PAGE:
Heteromeric nAChR such those found at the neuromuscular junction and autonomic ganglia contain two agonist binding sites (Millar and Gotti, 2009). They may open with a single agonist bound, but such openings are usually brief (Colquhoun and Sakmann, 1985) unless the single binding sites remain bound to agonist for prolonged periods (Williams et al., 2011a). The binding of agonist to both sites of a heteromeric receptor has a cooperative effect, increasing the probability of opening (Popen) and also promoting the stability of a long-lived open state (Williams et al., 2011a). Homomeric α7 nAChR also activate with submaximal agonist occupancy (Williams et al., 2011a), and the sort of positive cooperativity seen with heteromeric receptors does not seem to occur among the five putative agonist binding sites (Palma et al., 1996). Rapid saturation of the agonist binding sites on α7 receptors may increase the synchronization of whatever activation occurs, but net Popen is not increased through cooperative mechanisms, because saturating concentrations of agonist promote a form of rapid desensitization unique to homomeric α7 nAChR (Papke et al., 2000). The unique desensitization of α7 nAChR can be induced rapidly, but it is also readily reversible after the removal of agonist (Papke et al., 2000).
Heteromeric receptors also desensitize rapidly, even at relatively low concentrations of agonist. However, they achieve an equilibrium between activation and desensitization that makes it possible to record prolonged macroscopic responses over a wide range of agonist concentrations (Papke, 2010). The desensitization of heteromeric nAChR does not usually reverse rapidly because these receptors bind agonist with very high affinity in the desensitized state (Heidmann and Changeux, 1978). Modeling these differences, we identify several key features that distinguish the energy landscapes for the conformational transitions of α7 from heteromeric nAChR, including higher energy barriers for entering the open state, low open-state stability, a unique desensitized state, and relatively small energy differences between the resting and desensitized states.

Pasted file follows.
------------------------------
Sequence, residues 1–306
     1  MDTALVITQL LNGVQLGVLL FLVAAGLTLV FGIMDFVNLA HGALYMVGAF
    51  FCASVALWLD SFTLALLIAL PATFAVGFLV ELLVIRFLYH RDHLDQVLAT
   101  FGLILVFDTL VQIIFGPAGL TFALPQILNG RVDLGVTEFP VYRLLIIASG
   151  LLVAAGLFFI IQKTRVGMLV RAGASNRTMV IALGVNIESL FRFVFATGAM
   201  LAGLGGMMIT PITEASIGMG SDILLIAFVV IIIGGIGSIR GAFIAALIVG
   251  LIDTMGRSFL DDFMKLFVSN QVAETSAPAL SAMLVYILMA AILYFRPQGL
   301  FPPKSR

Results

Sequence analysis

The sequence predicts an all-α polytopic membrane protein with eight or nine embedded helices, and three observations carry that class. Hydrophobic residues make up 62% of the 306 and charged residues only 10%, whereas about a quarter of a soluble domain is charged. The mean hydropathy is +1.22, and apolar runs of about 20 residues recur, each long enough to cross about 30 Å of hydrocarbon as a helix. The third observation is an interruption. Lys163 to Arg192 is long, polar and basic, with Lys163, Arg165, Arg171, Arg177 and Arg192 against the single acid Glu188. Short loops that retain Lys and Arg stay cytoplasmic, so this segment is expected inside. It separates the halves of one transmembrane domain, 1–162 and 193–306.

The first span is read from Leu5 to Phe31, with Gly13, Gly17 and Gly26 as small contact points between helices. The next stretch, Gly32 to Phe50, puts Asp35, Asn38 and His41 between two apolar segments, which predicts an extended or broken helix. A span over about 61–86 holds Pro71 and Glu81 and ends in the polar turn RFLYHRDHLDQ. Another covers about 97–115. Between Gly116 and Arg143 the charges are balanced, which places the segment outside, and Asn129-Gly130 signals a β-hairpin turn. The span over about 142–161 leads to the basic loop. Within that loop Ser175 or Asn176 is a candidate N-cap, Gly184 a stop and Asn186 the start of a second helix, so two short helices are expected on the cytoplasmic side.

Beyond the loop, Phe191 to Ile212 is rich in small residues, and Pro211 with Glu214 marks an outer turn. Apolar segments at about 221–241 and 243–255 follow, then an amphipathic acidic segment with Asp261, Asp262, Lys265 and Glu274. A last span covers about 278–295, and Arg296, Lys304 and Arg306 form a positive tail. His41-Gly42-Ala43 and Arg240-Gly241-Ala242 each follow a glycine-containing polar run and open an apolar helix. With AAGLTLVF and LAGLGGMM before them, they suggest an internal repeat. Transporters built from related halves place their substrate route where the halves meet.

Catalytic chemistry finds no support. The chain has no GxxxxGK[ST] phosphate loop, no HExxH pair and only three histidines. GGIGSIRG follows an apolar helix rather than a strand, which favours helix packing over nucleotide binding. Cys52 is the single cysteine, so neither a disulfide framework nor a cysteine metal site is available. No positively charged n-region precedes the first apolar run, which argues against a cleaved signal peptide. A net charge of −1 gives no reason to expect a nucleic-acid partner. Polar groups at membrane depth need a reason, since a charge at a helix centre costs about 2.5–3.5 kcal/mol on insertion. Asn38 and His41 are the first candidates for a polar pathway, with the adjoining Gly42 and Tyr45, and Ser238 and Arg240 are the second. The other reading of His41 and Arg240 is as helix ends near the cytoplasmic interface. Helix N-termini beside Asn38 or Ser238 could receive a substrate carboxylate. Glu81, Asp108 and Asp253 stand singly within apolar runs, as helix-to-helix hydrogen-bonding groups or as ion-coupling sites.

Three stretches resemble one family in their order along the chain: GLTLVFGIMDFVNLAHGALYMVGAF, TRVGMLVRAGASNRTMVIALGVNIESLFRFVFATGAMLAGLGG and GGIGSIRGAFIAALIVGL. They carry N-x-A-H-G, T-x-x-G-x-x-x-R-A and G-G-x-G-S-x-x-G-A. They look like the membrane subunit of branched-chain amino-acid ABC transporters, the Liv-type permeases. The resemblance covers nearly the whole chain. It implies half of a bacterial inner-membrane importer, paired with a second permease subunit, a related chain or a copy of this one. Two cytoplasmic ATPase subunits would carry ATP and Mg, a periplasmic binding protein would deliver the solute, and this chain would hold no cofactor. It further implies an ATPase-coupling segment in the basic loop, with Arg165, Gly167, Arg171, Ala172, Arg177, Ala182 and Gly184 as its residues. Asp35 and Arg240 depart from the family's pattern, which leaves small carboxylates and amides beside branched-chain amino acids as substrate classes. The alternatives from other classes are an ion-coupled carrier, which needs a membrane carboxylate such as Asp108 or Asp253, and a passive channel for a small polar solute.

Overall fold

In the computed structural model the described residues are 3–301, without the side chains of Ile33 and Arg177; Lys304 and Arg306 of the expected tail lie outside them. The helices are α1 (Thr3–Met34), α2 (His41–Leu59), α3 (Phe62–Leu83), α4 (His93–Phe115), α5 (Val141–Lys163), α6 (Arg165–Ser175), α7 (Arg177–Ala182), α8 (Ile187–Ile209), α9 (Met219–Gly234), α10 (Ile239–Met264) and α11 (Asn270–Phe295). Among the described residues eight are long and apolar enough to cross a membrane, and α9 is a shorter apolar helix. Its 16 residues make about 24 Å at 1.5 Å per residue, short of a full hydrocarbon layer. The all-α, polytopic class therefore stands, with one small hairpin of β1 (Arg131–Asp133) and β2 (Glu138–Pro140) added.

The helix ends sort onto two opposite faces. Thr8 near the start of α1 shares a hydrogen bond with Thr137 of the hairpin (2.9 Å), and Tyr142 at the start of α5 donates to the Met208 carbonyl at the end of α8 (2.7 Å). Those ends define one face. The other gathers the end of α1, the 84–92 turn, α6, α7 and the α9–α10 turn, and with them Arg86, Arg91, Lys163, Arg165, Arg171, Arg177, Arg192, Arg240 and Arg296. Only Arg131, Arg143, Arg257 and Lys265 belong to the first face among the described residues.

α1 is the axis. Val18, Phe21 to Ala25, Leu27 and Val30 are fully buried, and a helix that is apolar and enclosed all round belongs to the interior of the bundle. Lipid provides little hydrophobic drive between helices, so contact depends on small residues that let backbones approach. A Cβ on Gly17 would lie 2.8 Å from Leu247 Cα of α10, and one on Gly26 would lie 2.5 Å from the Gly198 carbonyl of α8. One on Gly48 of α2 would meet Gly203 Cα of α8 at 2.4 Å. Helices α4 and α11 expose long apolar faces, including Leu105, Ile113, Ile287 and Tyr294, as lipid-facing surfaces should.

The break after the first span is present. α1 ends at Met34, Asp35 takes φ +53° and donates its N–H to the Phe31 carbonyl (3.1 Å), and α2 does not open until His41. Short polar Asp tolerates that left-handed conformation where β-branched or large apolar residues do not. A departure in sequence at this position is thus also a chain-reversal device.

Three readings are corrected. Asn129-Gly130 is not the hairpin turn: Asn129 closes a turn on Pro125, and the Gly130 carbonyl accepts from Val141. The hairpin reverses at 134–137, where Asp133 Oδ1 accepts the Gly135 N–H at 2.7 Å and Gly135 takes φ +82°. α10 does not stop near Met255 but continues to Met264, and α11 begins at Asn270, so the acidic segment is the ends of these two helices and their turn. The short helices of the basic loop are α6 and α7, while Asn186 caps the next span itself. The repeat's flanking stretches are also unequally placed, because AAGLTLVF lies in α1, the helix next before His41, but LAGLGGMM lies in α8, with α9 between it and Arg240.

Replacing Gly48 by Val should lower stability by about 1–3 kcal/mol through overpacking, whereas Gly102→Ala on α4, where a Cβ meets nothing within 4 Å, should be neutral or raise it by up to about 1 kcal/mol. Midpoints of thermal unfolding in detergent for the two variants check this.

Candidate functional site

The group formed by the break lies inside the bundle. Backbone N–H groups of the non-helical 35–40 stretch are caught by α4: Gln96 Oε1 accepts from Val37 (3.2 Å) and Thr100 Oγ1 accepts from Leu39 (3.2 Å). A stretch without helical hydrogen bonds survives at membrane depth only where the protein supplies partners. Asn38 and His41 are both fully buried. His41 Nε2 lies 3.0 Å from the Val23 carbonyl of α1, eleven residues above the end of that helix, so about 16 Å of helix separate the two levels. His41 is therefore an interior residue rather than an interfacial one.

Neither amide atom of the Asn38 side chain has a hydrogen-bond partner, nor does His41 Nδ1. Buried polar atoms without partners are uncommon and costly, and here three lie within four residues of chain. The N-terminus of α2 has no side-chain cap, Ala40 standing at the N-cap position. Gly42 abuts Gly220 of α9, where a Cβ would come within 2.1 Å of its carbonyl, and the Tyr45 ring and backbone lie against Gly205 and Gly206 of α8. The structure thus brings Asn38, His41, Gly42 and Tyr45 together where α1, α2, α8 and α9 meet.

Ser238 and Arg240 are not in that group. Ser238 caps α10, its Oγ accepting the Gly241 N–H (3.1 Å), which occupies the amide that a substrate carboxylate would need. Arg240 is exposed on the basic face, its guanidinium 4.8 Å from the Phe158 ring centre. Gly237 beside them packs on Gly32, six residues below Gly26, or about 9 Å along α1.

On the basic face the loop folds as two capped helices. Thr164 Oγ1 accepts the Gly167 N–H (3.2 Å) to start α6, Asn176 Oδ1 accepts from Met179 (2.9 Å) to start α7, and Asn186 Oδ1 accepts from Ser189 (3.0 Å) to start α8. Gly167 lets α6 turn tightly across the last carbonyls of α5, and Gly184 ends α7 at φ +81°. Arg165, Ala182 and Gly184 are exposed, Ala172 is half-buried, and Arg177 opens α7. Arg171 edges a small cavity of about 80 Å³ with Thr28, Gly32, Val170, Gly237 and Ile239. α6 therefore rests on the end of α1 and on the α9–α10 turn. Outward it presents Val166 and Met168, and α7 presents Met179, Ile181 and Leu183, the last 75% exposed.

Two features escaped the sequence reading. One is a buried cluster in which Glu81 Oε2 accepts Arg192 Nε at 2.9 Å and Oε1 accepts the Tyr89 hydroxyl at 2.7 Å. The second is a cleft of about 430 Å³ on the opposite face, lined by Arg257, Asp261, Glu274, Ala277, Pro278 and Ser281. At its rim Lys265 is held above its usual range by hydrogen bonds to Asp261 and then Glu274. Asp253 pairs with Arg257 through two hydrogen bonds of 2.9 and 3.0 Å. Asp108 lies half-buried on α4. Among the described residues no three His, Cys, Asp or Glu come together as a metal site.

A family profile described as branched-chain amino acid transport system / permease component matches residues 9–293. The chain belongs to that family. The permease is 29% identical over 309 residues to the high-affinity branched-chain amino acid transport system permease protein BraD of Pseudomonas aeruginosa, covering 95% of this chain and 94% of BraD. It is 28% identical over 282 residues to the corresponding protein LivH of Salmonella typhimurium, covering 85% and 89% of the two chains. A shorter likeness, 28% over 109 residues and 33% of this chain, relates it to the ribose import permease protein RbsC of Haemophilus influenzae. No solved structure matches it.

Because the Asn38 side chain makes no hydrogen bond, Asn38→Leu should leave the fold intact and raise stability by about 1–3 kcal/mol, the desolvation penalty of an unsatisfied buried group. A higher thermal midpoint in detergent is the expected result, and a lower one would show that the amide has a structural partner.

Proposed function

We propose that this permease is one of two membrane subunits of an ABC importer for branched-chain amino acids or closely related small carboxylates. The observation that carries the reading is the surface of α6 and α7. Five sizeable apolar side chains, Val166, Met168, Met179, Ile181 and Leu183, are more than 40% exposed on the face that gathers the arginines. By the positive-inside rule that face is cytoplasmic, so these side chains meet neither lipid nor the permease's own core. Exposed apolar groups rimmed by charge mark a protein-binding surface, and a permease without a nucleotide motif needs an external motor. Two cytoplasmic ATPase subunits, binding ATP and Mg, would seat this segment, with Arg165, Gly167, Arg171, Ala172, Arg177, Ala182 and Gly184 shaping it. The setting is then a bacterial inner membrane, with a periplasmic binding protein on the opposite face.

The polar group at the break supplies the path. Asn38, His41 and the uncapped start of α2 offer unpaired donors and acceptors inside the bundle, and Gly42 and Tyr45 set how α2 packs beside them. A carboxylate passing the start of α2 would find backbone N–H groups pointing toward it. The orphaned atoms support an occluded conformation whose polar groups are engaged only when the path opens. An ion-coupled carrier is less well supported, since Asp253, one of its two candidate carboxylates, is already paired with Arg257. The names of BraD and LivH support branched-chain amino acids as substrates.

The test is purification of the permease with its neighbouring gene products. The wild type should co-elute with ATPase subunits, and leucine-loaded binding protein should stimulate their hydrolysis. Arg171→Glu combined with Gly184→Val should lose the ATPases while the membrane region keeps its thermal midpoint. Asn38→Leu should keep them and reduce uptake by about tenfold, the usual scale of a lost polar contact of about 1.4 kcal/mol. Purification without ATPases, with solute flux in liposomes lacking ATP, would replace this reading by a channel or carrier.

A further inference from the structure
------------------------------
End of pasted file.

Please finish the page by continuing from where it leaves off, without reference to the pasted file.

Although the intrinsically low Popen of α7 nAChR has presented a special challenge to the study of α7 activation at the level of single-channel currents, new tools have been developed in the form of positive allosteric modulators (PAMs) (Williams et al., 2011b). A number of chemically diverse PAMs have been identified and broadly classified into two groups based on their functional modulation of α7-mediated responses. The PAMs classified as type I, such as 5-hydroxyindole (5HI), reduce the height of energy barriers for transitions into active states, creating a transient increase in Popen immediately after agonist applications but without altering the absolute energy differences between the states, resulting in potentiated responses with conserved kinetics. In contrast, type II PAMs, such as N-(5-chloro-2,4-dimethoxyphenyl)-N′-(5-methyl-3-isoxazolyl)-urea (PNU-120596), not only increase the magnitude of responses immediately after agonist applications, but also alter the equilibrium between active and desensitized states resulting in dramatically prolonged responses, even promoting activation of previously desensitized receptors (Grønlien et al., 2007).